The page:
Constitutional Background

The Socialist Republic of Vietnam has had four constitutions, adopted in 1946, 1959, 1980, and 1992; the current constitution was amended in 2001. Regarding the development of the constitution it is crucial to bear in mind that, from the days of Ho Chi Minh's "declaration of independence" till the end of the 1970's, Vietnam was in a permanent state of war and restlessness, and still is in a phase of profound transformation that likewise affects state, politics, society, and economy. These parameters are also reflected in the objectives and contents of the several constitutions each of which marks a certain step in the continuous shifting of the system.

Following the revolution by its first president Ho Chi Minh (1945) and the war with the former colonial ruler France (1946-1954), the Socialist Republic of Vietnam (then called: Democratic Republic of Vietnam) gained independence. In the 1950's, the north, under the leadership of the Communist Party, was transformed into a communist society and economy modeled on the Chinese and Soviet systems. Meanwhile, the capitalist-oriented Republic of Vietnam in the south only survived through the massive financial and military aid of the United States while constantly failing to build a stable and democratically legitimized government. Since the mid-fifties, a growing number of people in the southern rural areas became opposed to the authoritarian Saigon regime and formed a resistance movement which eventually was supported by Hanoi and, in 1960, consolidated in the National Liberation Front ("Viet Cong"). In addition to the civil war in the south, a conventional war against the Communist regime commenced when the US, in response to the Tongking-incident (1964), decided to bomb the northern territories and send ground troops to Vietnam. The American war produced heavy casualties (estimated figures: 4 million civilians, 1.1 million North Vietnamese and Viet Cong soldiers, 200-250,000 South Vietnamese soldiers, 58,200 US soldiers dead or missing in action), massacres and atrocities against civilians on each side, and the indiscriminate destruction and contamination of the environment.

After the withdrawal of the American troops (1973) and the fall of the Saigon regime (1975), South Vietnam was reunited with North Vietnam in 1976. The Communist regime subsequently extended its centrally planned economy and collectivization of land to the entire country. In 1979, the Vietnamese invasion of Cambodia motivated China to send troops across the border against Hanoi. In the early 1980's, due to its vast international isolation and the failure of the communist economic policy, Vietnam witnessed its most serious ever socio-economic crisis, the inflation rate rising up to a record 774.7% in 1986. Vietnam became one of the poorest countries in the world.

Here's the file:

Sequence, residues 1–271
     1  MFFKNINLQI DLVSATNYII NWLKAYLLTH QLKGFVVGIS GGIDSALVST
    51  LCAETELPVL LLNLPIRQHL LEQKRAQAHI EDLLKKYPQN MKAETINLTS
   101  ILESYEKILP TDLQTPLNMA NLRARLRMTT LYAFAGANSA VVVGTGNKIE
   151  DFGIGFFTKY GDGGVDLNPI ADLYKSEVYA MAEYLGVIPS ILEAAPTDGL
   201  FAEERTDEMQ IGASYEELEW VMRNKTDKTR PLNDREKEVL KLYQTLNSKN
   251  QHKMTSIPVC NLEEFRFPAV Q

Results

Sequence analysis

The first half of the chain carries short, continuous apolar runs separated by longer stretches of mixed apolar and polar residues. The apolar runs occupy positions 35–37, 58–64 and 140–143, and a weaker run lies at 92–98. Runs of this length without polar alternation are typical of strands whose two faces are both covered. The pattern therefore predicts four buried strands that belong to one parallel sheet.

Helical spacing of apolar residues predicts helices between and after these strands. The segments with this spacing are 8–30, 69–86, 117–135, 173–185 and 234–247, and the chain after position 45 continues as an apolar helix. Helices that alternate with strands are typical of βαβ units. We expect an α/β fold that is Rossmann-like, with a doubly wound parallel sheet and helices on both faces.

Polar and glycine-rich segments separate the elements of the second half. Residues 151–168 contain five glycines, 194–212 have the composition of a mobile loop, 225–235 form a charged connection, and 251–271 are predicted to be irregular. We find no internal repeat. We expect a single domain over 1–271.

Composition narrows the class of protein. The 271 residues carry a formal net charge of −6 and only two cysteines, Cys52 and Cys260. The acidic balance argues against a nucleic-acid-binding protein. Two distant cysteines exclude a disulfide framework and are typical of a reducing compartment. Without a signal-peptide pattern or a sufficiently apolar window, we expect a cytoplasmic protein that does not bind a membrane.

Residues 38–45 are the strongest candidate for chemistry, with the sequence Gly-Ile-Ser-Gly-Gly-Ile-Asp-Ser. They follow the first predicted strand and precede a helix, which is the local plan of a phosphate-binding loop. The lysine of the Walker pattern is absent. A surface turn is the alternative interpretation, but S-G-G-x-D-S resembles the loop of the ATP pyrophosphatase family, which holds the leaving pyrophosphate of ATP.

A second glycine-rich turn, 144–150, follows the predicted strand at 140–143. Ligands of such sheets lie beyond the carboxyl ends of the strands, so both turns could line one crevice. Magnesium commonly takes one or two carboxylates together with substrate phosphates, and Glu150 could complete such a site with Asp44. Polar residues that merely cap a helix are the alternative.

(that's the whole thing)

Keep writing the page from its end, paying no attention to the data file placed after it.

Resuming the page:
Since the political change of "Doi Moi" (national renewal) was initiated by the Communist Party on its 6th Congress in 1986 and affirmed by the 1992 and 2001 Constitutions, Vietnam has transformed from its isolated anachronistic communism to an internationally integrated (post-) socialism with an increasing orientation towards market economy. With impressive success, the governmental regulation of the economy was reduced and the market was opened to foreign investments. Vietnam has also embarked on massive trade liberalization, joining ASEAN in 1995, AFTA in 1996, ASEM in 1996, and APEC in 1998. The entry into force of the US-Vietnam Bilateral Trade Agreement in December 2001 was a major step towards the accession to the World Trade Organization (WTO) which is planned for the end of 2005.

As a result of the policy change, the average economic growth rate reached 8% during the period between 1991-1998, foreign direct investments substantially increased, and living standards of the majority of the Vietnamese people improved. After the setback caused by the 1997 Asian financial crisis, growth rose again to an annual average of 7% in the period from 2000 -2004. Nevertheless, most of Vietnam's economy is still centrally planned and both land and natural resources remain to a large extent state-owned. However, in the meantime organizations and private individuals became entitled to acquire the right to land use and exploitation. The high amount of corruption (as recently documented in the Corruption Perception Index 2004 compiled by Transparency International) remains both a big drawback for further economic growth and a reason for growing discontent and frustration among the people.